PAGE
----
If you are a writer in the process of becoming a published author, having a roadmap for your publishing timeline is an important component of your book selling marketing plan. Whether you are seeking an agent for traditional book publishing or you are planning on self-publishing, preparing a book proposal even before you start writing helps to guide you through the process, serves as an outline of your book, and gives you a checklist of necessary tasks and activities for marketing success.
The #1 reason most people write a nonfiction book is to have a published book that will help identify them as an authority in their field, which means it is even more important that your book sells well, is well-organized and well-edited, and is a professional package.
There are several common elements to a well-written book proposal, however, if you plan to submit your book proposal to an agent or publisher, it is important to ensure that you follow their specific guidelines. Each agent or publisher has formatting and submission standards to follow, and you will have to modify your book proposal accordingly.
The Title Page
- Short titles are preferred; your title should be unique, descriptive, inviting, and attractive to your target market.
- List your name as the author under the title.
- Write a brief and intriguing description of your book, highlighting how your book is different from all of the other similar books on the market.
- List the number of words and number of pages you expect your book to have (either in a 6X9-inch or 8.5X11-inch size). Most nonfiction books are between 150 – 300 pages.
- The synopsis is single-spaced, 1.5 – 2 pages long, and is an overview of your book.
- If your book is not yet completed, include an estimate of the time needed to complete your book once you have a contract or if you have a self-publishing milestone/deadline.
- Write a narrative about your particular qualifications, experience, and reasons for writing your book. This is not a list, a CV, or a resume’.
- Do list your previous books (if you have any) or future related books (especially if this book will be part of a series), your speaking engagements, your media appearances, and your seminars, webinars, podcasts, and workshops.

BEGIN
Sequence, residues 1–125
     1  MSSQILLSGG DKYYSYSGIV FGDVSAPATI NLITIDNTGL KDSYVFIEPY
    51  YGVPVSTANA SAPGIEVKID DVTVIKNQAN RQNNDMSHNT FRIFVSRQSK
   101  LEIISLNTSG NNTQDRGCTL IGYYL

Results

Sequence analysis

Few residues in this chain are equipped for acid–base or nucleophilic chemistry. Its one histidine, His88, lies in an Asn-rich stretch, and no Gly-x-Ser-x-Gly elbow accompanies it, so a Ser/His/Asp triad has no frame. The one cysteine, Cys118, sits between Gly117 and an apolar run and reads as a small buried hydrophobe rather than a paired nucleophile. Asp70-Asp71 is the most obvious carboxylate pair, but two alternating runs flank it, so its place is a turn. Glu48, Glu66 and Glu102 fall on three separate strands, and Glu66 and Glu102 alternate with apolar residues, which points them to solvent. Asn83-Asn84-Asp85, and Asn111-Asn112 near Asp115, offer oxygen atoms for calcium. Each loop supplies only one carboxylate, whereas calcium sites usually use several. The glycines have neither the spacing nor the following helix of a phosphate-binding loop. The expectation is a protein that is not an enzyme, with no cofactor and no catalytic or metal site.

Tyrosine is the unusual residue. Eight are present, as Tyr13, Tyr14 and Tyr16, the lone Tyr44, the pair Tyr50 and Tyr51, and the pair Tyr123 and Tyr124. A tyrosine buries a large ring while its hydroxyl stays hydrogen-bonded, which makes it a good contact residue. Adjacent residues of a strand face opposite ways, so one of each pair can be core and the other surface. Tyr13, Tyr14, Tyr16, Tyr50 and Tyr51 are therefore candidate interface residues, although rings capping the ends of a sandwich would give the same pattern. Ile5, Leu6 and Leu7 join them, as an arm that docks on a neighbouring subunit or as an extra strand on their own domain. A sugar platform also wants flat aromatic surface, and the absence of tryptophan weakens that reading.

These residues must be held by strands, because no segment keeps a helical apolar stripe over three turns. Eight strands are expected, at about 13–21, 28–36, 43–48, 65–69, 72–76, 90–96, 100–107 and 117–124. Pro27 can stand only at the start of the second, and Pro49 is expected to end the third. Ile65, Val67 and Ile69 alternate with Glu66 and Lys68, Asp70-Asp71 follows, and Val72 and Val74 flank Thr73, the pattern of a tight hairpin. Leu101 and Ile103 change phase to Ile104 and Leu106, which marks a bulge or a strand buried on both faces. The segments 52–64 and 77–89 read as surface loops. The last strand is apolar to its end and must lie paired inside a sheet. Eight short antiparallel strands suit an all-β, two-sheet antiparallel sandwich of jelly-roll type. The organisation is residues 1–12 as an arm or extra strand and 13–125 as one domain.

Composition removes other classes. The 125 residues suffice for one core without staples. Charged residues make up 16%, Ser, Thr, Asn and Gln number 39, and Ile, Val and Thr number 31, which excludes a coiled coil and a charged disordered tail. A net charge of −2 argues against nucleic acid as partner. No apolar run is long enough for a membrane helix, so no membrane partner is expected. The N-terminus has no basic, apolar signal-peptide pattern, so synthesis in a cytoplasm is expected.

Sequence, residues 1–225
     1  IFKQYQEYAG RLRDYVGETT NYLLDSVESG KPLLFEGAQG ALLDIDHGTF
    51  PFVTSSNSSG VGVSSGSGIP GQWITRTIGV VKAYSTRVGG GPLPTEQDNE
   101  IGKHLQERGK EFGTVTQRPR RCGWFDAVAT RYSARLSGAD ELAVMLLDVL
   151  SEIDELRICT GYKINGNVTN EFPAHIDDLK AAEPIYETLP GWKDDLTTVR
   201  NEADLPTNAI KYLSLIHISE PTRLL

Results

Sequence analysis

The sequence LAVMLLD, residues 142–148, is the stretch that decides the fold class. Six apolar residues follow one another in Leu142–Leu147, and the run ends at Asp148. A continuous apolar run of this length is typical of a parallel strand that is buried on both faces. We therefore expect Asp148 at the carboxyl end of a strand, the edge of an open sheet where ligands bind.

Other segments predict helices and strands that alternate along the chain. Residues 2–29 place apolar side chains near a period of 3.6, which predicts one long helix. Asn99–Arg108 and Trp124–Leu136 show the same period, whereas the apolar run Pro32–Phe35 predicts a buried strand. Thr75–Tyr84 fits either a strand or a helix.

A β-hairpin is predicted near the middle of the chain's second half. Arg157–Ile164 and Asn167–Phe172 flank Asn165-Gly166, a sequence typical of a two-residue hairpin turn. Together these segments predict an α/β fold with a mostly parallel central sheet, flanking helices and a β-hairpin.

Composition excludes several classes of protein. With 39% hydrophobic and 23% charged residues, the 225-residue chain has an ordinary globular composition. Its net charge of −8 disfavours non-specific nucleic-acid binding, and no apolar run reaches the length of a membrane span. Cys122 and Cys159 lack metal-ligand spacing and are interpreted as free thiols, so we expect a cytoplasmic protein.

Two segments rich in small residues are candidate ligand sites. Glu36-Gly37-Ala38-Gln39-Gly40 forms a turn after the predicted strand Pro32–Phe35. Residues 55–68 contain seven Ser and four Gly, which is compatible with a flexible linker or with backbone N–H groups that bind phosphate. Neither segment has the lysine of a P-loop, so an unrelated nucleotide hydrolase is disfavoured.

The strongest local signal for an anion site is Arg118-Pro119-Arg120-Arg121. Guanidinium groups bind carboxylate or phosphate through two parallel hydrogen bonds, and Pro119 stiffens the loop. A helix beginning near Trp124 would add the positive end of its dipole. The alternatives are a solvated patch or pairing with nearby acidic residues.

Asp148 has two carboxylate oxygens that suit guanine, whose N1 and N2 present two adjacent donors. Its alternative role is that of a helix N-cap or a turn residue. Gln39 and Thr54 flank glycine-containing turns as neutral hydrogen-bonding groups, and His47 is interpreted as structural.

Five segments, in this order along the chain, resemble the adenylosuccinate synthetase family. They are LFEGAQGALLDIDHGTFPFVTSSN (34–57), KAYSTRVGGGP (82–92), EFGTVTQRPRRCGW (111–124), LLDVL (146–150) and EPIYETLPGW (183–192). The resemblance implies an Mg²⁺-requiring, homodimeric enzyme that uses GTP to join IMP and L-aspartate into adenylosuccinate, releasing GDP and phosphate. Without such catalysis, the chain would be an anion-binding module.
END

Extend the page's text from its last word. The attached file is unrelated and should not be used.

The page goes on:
- List any potential or promised book endorsements.
- This section is all about the “numbers”: the demographics of your potential audience.
- This section should also name statistics that show you have researched your target market.
Table of Contents and Chapter Outline(s)
- Prepare an actual or proposed table of contents, leaving out the page numbers.
- Under each chapter title, write a 1-2 paragraph description of the chapter to show your level of expertise about your subject and to show the order in which you will present the information.
- List and describe any other materials that will be included in your book, such as graphs, charts, photographs, and illustrations.
- Submit or highlight three completed chapters, including the first chapter (most important) and any other two chapters you feel will showcase your book in the best possible light.
- After the first chapter, it doesn’t matter which other two chapters you choose. If your last chapter is your “best” chapter, include it. For nonfiction, you are not giving away the plot or solving the mystery.
Make sure that your book proposal is completed and professionally edited, even if the document is just for you. The goal of having a full book proposal is to assist you in the process of selling your book. Even if you self-publish, many of the elements of your book proposal will be re-purposed in other areas of your overall marketing plan.